2 min read

Prosecution of CEO: The buck stops at the top

The Queensland WHS Prosecutor secured a conviction of a Chief Executive Officer in April this year, when he was fined $60,000 for failing to exercise due diligence in relation to the death of a worker at a fertiliser factory.

The factory produced bags of fertiliser. The bags were moved along a conveyor where workers were required to inspect them. At the time of the incident, sections of the conveyor did not have sufficient guarding in place and had not for at least 13 months.

On 10 March 2020, a worker became partly trapped in a part of the machinery designed to flatten bags. By the time another worker found him, he was unconscious and unable to be revived. He died from his injuries.

In considering a plea of guilty from the CEO, the Court found that over a 13-month period, the CEO failed to exercise due diligence to ensure the company took reasonably practicable steps to address the risk of death or serious injury from the conveyor.

In particular, the CEO took no steps to check that safe systems and processes were in place, including failing to ensure that there:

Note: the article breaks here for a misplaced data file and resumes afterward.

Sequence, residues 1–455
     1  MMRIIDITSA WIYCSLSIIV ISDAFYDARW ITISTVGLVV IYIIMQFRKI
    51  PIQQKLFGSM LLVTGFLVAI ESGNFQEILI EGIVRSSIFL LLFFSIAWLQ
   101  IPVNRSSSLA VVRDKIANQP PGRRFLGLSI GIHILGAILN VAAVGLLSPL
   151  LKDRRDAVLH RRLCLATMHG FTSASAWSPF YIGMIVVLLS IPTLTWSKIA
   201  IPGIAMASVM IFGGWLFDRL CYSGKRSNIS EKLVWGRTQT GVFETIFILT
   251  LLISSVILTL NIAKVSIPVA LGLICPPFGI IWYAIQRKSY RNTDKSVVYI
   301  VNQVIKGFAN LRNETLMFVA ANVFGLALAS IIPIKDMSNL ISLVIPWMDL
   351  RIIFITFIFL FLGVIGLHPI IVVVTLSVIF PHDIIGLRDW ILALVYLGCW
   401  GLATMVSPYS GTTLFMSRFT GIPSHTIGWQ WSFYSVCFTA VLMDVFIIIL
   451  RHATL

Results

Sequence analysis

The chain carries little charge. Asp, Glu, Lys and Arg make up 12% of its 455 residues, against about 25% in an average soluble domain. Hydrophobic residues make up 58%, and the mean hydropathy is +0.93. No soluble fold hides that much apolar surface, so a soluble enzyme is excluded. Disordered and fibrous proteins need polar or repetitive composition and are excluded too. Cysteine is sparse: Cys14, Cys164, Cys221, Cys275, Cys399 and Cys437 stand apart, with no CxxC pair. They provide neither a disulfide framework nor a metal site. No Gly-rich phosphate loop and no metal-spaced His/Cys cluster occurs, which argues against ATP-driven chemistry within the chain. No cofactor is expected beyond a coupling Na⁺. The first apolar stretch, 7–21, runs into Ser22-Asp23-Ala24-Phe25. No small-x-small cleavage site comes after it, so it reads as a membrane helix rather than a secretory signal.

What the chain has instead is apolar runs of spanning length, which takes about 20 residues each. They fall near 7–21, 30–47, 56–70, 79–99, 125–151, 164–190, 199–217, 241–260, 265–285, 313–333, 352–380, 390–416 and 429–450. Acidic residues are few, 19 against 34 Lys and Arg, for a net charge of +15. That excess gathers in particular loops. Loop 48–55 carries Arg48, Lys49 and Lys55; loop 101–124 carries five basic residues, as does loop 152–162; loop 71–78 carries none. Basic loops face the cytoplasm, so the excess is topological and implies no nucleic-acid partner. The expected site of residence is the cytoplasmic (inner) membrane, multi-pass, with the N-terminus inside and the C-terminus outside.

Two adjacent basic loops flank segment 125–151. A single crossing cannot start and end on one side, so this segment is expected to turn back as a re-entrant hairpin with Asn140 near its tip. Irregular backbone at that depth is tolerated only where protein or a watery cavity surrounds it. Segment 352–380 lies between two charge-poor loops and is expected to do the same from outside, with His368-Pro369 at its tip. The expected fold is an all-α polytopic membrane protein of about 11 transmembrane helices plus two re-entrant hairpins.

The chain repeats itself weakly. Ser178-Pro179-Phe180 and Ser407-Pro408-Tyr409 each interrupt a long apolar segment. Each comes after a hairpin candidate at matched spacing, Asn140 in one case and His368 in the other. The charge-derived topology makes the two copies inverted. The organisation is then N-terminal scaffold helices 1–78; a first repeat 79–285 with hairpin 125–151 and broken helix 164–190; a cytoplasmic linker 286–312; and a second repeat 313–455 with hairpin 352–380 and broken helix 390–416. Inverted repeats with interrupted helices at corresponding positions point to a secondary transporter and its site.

• were visual markings to identify an exclusion zone to minimise the potential for workers to interact with the moving conveyor; and
  • was a risk assessment or safe operating procedure developed regarding the work that was done near the moving conveyor.

The Court noted that “the buck stopped with [the CEO] in terms of decision-making” at the company. The Court found that the risk of harm to workers was real and foreseeable because of the lack of guarding and workers being required to work near the moving conveyor.

In imposing the fine, the Court noted that general deterrence was the primary consideration as well as the impact on the family of the deceased. The Court also took into account mitigating factors of the CEO, including that he:

  • had no prior convictions;
  • was personally affected by the worker’s death; and
  • had given a substantial level of support to the worker’s family.

The CEO had also immediately taken steps to ensure the company addressed the risk.

The case highlights the critical importance of officers of a company taking a proactive approach in ensuring the company implements an effective work health and safety management system.

In this matter, the company has also been charged with industrial manslaughter and those proceedings, along with prosecutions against two former directors, are also ongoing.

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